Reader’s Forum – Week of December 16, 2013

For your convenience, all Reader’s Forum submissions are separated by the ## symbol.

Lucia wrote:

I wish to comment on something mentioned in a Reader’s Forum quite a while ago, but this is of paramount importance. This has to do with the title change from Recording for the Blind and Dyslexic to Learning Ally.

The reason for this change is due to the fact that dyslexia is not the only learning disability wherein people cannot read print. A friend who is knowledgeable informed me of this and I had a feeling all along that this friend was correct. There are other learning disabilities which prevent a person from accessing printed material. Hence, the new name “Learning Ally.”

Unfortunately, two individuals, who shall be nameless, ranted and raved, claiming that this change in name is due to “shame” with reference to blindness. This is a fallacy. These nameless individuals do not have a right to an opinion. We do!

People must never judge, criticize or make assumptions before verifying and learning the facts. People say that “it is the blind speaking for themselves.” I think not.

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Danni wrote in response to: Feature Writer John Christie – Man Decides to Take Himself Off of Life Support:

Before Bowers made a decision to live or die, he should have met with other people who were in a similar situation. In this way, he would have made a more educated decision.

I have to absolutely disagree with this whole statement! Who says he didn’t make a very educated decision? His own sister, a nurse, was there and supported his decision and for all any of us know he could have already expressed such a decision long before this happened!

Imagine if someone became blind and they saw no hope in life and didn’t know of other people who were already blind and this person, like Tim, decided to die. The blind person who decided to die could have lived a better quality of life with rehabilitation and other people as role models.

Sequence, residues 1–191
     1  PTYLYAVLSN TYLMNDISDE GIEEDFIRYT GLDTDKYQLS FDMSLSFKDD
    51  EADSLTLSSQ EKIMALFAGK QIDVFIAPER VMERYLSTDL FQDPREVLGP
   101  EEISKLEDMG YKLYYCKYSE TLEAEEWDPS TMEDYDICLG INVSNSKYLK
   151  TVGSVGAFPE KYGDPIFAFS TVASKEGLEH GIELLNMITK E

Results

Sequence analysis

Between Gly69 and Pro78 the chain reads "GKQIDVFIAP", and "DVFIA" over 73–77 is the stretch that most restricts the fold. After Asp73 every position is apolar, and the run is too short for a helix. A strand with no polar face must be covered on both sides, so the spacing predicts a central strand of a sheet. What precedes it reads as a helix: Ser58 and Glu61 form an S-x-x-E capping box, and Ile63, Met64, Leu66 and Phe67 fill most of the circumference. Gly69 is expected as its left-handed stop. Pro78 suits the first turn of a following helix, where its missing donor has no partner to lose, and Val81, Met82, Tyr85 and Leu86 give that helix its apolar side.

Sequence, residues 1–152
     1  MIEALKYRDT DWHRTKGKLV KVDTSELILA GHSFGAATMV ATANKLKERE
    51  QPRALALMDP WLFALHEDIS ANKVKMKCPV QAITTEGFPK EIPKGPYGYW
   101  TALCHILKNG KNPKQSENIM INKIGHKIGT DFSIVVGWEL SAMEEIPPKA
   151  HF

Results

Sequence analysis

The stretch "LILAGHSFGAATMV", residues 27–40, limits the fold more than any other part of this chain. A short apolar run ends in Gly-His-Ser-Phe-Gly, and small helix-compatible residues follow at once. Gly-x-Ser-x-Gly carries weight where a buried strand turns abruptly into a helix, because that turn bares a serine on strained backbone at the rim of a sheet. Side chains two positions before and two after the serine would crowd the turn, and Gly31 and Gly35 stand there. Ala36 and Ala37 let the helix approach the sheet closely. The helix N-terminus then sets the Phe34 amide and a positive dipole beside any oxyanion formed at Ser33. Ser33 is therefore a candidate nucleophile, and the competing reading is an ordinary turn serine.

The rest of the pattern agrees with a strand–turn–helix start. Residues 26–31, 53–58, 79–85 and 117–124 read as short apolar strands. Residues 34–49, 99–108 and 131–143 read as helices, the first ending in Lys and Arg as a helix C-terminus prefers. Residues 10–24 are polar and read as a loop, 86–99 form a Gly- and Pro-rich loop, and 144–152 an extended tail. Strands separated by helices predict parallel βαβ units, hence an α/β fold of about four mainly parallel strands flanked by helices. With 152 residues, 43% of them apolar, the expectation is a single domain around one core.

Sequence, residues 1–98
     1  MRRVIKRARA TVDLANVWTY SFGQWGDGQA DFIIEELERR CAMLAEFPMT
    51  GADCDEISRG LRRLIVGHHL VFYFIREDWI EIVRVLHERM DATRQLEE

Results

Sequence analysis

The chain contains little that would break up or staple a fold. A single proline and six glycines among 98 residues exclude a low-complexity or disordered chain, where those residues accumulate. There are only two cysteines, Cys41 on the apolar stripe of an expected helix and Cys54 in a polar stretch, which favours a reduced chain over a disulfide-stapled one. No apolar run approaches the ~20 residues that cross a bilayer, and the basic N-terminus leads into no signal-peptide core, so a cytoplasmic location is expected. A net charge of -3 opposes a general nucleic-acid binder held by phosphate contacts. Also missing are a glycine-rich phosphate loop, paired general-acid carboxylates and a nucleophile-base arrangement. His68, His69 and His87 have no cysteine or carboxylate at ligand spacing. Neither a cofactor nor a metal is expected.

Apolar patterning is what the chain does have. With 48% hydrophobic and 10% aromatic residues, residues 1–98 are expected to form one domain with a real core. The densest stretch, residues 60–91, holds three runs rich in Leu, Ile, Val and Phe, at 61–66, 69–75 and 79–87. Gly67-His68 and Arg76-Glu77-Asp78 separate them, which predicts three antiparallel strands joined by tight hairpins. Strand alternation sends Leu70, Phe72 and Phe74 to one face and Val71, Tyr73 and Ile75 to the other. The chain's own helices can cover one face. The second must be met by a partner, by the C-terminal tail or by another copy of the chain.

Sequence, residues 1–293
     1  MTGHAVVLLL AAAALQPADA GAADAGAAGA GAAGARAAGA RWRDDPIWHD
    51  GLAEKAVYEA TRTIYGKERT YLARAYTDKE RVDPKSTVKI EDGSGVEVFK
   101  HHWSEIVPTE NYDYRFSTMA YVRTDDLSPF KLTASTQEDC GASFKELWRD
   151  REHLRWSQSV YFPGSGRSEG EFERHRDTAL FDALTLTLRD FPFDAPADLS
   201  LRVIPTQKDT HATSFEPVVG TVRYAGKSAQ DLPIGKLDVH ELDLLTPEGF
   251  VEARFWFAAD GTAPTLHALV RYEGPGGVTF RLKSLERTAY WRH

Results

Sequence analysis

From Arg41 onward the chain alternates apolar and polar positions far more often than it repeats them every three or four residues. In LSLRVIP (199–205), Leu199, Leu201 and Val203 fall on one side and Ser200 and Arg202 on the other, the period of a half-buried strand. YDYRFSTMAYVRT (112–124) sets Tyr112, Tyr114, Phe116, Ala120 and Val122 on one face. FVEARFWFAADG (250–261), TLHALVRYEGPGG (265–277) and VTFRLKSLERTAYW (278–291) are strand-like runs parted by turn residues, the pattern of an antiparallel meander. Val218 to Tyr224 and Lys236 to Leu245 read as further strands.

I really do not understand at all how blindness in any way shape or form compares to being paralyzed and trapped to machines??? I am appalled that this comparison has even been made!

How do you feel about Tim Bowers?

I feel that he made the best decision for himself and no matter how selfish some may think it was, it was and always will be his decision and I am so glad he was able to make it and relieved his family from such a difficult decision!

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Bob Branco wrote:

Dear Readers,

I was wrong about the number of members in the Blind and Visually Impaired Professionals LinkedIn group. There are a total of 1,464 members as of today.

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Ann Chiapetta wrote:

I’d like to respond to John Christie’s article in the December 9, 2013 issue titled Man Decides to Take Himself off Life Support.

In it, John writes: “Before Bowers made a decision to live or die, he should have met with other people who were in a similar situation. In this way, he would have made a more educated decision. Imagine if someone became blind and they saw no hope in life and didn’t know of other people who were already blind and this person, like Tim, decided to die. The blind person who decided to die could have lived a better quality of life with rehabilitation and other people as role models. How do you feel about Tim Bowers?”

First, I think comparing a person who cannot breathe or move independently to someone who has suddenly become blind is like comparing apples to oranges. Yes, they are both devastating, tragic and life changing events but someone who is blind is still functioning at a much higher level. If I were this man, faced with living on the edge of life and death, completely dependent on machines, I would consider pressing the button. I have met with other quadriplegics and some have said they think about suicide all the time. I also realize that folks can become horrified if they even entertain the idea of being blind. There is no easy answer to this situation and that is what makes it a tragedy. End of life issues are never neatly packaged into what ifs, and while I think this story is both poignant and tragic, I also understand and accept this man’s choice to end his life, which many would say is no life at all, being on life support is merely existing.

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Regina wrote: